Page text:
3 Cybersecurity Trends for 2022

3 Cybersecurity Trends for 2022

cybercrime

 

As cyber criminals continue to employ increasingly sophisticated methods to breach security protocols within organizations, cybersecurity will remain a major concern for businesses of all sizes. As such, the cost of cybercrime is set to increase with the global cybersecurity market estimated to reach $403.01 billion by 2027 with a compound annual growth rate (CAGR) of 12.5%. This article will look at some of the biggest trends affecting cybersecurity in 2022.

 

Increasing Ransomware Attacks

Ransomware continues to be one of the biggest and most pressing threats to cybersecurity at the moment. Figures from the EU Agency for Cybersecurity reveal that the largest ransomware demand increased from €13 million in 2019 to €62 million in 2021 and it is estimated that last year global ransomware resulted in €18 billion worth of damages. This amounts to 57 times more than in 2015. Visit this site to find out more about how to become cyber security analyst.

Ransomware is malicious software designed to publish or deny a user access to data or a computer system unless they pay a ransom to unlock or decrypt files. Developments in ransomware have also seen the emergence of ransomware as a service (RaaS) allowing cyber criminals to monetize their ransomware on the dark web.

Raas is a business model which sees operators offer affiliates paid subscriptions to their ransomware in order to execute ransomware attacks. Affiliates then make money by earning a percentage from each successful ransom demand. The difficulty in tracking down those involved coupled with the lucrative nature of this model will see Raas continue to grow.

Increased Supply Chain Threats

Attacks on an organization’s supply chains can create massive disruptions to their business and are one of the largest trends affecting cybersecurity in 2022.  A supply chain attack, also known as a third-party or value-chain attack, targets an organization through a trusted third party with access to their systems and data.

The 2020 SolarWinds attack is an example of a supply chain attack that made the headlines. This case involved hackers compromising the company’s software infrastructure and adding malicious code into it. The actual number of customers who were hacked through SUNBURST to be fewer than 100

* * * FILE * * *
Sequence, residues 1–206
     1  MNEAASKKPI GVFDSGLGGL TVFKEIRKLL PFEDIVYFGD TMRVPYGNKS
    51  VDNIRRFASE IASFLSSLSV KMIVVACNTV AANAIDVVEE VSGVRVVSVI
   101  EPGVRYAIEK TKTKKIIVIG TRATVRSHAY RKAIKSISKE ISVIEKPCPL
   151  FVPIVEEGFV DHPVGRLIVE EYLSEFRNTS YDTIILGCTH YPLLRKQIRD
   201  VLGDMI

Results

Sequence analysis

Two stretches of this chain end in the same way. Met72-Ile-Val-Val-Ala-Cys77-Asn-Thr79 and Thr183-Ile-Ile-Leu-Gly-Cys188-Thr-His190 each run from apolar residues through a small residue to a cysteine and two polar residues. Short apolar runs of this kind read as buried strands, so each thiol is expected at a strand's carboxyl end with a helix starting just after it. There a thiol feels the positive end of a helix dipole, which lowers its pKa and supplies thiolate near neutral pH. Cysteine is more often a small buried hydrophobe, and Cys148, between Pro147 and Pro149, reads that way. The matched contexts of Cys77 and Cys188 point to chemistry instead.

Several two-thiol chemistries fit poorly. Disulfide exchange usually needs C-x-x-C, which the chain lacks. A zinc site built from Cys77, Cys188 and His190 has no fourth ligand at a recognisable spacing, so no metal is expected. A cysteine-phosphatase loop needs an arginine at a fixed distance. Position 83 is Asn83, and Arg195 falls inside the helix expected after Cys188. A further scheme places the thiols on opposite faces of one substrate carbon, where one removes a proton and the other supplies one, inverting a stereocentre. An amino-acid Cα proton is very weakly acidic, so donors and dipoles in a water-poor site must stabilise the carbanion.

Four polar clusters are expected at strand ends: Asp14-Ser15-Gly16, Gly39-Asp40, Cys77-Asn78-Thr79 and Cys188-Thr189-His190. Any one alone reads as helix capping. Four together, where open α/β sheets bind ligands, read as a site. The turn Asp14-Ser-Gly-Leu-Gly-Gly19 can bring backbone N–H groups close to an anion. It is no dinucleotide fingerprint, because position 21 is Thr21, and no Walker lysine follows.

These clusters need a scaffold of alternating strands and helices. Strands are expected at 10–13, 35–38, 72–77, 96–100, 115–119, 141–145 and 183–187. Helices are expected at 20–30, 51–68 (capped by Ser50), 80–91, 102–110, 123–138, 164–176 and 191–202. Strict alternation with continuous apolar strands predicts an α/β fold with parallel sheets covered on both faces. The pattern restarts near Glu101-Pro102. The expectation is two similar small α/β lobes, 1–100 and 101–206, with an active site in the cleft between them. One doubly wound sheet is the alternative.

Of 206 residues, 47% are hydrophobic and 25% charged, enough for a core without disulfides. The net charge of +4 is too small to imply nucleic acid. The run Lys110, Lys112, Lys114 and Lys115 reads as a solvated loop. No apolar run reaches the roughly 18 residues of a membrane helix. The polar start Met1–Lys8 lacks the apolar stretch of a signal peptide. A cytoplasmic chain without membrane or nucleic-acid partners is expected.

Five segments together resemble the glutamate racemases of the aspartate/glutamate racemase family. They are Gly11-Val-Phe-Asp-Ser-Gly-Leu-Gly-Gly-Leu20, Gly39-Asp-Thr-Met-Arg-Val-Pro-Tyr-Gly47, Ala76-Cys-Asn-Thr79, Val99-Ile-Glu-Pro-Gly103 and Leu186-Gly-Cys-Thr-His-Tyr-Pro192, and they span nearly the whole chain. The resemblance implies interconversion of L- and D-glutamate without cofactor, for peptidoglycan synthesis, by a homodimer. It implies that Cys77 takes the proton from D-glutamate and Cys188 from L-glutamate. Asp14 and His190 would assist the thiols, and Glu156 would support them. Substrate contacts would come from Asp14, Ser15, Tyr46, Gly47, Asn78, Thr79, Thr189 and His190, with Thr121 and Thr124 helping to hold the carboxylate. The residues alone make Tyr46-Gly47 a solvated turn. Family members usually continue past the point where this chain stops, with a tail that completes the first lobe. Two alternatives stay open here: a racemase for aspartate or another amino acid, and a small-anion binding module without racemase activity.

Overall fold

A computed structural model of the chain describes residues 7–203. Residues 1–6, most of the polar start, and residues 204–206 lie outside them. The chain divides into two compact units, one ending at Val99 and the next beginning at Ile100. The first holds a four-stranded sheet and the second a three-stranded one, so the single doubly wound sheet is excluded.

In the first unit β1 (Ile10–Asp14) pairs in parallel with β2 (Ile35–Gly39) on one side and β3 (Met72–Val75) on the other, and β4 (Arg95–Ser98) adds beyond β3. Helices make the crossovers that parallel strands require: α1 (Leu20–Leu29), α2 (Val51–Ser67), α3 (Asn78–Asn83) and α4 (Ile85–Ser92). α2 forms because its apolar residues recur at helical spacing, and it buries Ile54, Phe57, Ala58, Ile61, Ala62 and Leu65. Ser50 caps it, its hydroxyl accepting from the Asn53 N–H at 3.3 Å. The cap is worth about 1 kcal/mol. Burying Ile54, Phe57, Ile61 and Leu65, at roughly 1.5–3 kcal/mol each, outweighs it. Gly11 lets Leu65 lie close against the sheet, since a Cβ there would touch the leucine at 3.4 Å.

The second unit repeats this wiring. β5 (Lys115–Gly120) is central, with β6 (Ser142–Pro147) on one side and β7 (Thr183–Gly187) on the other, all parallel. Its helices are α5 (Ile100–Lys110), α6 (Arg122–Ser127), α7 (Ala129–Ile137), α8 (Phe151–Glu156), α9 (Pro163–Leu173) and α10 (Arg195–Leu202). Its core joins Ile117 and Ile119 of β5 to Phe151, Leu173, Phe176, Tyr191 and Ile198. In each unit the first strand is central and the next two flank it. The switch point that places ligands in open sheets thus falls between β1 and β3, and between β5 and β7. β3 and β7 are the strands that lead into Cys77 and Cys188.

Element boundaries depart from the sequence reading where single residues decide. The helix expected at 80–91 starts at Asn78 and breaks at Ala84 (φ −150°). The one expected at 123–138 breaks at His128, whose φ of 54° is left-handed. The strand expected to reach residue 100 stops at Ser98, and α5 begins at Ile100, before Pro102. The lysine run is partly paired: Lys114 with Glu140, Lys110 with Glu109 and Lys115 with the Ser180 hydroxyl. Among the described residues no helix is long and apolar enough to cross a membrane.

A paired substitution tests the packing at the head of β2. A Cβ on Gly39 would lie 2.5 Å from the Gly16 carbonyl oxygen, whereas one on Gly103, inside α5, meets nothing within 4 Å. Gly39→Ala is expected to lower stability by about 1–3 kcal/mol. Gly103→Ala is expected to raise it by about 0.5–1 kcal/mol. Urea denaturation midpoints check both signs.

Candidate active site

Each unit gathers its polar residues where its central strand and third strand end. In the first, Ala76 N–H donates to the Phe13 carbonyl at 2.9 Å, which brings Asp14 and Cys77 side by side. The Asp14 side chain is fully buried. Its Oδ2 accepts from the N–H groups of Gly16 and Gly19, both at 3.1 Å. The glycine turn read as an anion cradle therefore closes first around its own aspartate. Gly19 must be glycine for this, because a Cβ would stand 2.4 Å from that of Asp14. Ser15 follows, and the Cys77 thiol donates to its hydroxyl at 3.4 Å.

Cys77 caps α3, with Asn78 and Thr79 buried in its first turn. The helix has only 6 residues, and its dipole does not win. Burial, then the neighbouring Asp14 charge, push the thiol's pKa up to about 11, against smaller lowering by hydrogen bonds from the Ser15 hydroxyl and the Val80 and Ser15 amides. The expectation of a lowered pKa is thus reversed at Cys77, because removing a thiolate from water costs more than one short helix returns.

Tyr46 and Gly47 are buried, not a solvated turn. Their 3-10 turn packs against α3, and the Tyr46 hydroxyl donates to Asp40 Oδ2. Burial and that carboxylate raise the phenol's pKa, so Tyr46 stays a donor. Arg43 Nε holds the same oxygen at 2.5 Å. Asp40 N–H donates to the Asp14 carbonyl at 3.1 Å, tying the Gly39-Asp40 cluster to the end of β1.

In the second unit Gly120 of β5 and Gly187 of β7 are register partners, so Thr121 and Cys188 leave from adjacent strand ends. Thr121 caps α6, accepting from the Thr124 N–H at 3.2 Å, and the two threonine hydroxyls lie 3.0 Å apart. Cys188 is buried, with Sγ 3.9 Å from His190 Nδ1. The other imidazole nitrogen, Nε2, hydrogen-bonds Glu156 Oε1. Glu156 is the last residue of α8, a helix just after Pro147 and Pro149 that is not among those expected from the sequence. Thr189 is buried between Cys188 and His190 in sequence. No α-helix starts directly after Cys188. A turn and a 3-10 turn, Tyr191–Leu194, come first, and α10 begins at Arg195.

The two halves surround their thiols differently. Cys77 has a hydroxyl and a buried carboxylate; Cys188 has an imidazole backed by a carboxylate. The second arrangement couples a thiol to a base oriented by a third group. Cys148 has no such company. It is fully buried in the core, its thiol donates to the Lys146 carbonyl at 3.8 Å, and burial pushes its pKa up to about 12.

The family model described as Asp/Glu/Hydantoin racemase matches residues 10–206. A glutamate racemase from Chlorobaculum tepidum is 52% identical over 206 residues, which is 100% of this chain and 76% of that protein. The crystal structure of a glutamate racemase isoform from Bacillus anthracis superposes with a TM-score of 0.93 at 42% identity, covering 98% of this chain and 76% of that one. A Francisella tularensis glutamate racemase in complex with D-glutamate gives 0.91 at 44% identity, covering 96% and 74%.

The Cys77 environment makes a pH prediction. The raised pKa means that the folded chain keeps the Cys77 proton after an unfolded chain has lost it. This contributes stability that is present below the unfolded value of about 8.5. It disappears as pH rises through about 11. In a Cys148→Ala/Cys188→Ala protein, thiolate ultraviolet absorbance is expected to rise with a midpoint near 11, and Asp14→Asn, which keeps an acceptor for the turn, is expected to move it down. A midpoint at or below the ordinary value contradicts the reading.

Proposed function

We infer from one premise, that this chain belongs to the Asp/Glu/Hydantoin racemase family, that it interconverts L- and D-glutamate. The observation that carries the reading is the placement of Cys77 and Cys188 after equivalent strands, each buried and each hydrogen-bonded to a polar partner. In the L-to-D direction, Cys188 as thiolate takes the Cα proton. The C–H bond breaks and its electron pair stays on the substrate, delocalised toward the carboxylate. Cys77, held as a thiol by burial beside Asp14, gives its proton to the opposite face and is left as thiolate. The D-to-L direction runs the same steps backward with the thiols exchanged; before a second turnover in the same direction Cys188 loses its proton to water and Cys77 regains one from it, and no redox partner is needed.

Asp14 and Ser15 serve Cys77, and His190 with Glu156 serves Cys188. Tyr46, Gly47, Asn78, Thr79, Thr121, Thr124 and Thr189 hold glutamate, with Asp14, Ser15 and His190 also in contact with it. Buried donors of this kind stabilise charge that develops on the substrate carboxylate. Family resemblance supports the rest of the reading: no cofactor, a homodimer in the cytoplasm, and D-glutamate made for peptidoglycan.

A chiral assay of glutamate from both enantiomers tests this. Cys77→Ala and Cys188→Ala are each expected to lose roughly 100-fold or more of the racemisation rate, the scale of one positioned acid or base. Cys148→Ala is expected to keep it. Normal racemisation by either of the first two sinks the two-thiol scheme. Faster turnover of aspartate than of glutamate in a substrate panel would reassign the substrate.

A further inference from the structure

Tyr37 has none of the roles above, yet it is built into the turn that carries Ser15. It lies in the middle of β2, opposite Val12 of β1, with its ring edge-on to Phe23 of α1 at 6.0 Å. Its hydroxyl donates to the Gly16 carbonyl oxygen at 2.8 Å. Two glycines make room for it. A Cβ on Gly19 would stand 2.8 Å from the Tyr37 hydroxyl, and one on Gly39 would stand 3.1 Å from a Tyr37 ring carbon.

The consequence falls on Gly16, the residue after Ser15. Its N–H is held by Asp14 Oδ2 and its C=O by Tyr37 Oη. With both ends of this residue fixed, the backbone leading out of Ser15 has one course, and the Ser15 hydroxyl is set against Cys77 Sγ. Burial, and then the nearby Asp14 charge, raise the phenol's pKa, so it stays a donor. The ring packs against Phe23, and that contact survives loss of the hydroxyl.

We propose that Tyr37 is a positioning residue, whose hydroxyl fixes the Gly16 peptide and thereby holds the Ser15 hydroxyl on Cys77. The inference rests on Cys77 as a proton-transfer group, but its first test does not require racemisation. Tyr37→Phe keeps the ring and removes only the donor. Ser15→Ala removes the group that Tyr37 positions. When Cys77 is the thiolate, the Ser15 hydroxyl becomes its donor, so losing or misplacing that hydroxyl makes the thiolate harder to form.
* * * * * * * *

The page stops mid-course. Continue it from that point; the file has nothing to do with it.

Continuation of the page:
Supply chain attacks are popular with cybercriminals as compromised software potentially gives them access to every organization which uses that software.

 

Global Phishing Attacks


Phishing scams continue to be one of the biggest security threats to the IT sector with millions of people falling prey to phishing emails containing malicious URLs. Such emails contain links which are designed to look like an official website but are in fact fraudulent. The COVID-19 pandemic saw cybercriminals take advantage of people’s fears to con them into revealing sensitive information via phishing methods. This was particularly prevalent amongst the elderly.

Phishing attacks are now becoming geo-targeted and more personalized requiring stronger and more comprehensive cybersecurity awareness programs. In geo-based phishing cybercriminals use the location of potential targets to create profiles in much the same way as marketers do when targeting customers. Phishing emails are created in local languages and content is delivered based on the victim’s geolocation to fool them into handing over personal information. 

As cybersecurity trends continue to evolve, the need for continual awareness and training of the threats remains essential for businesses everywhere. 

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mclynd

Mark Lynd (CISSP, ISSAP, ISSMP), Head of Digital Business at Netsync is Top ranked global thought leader, author, speaker and practitioner for, AI, Data Center, IoT and Cybersecurity. He has been an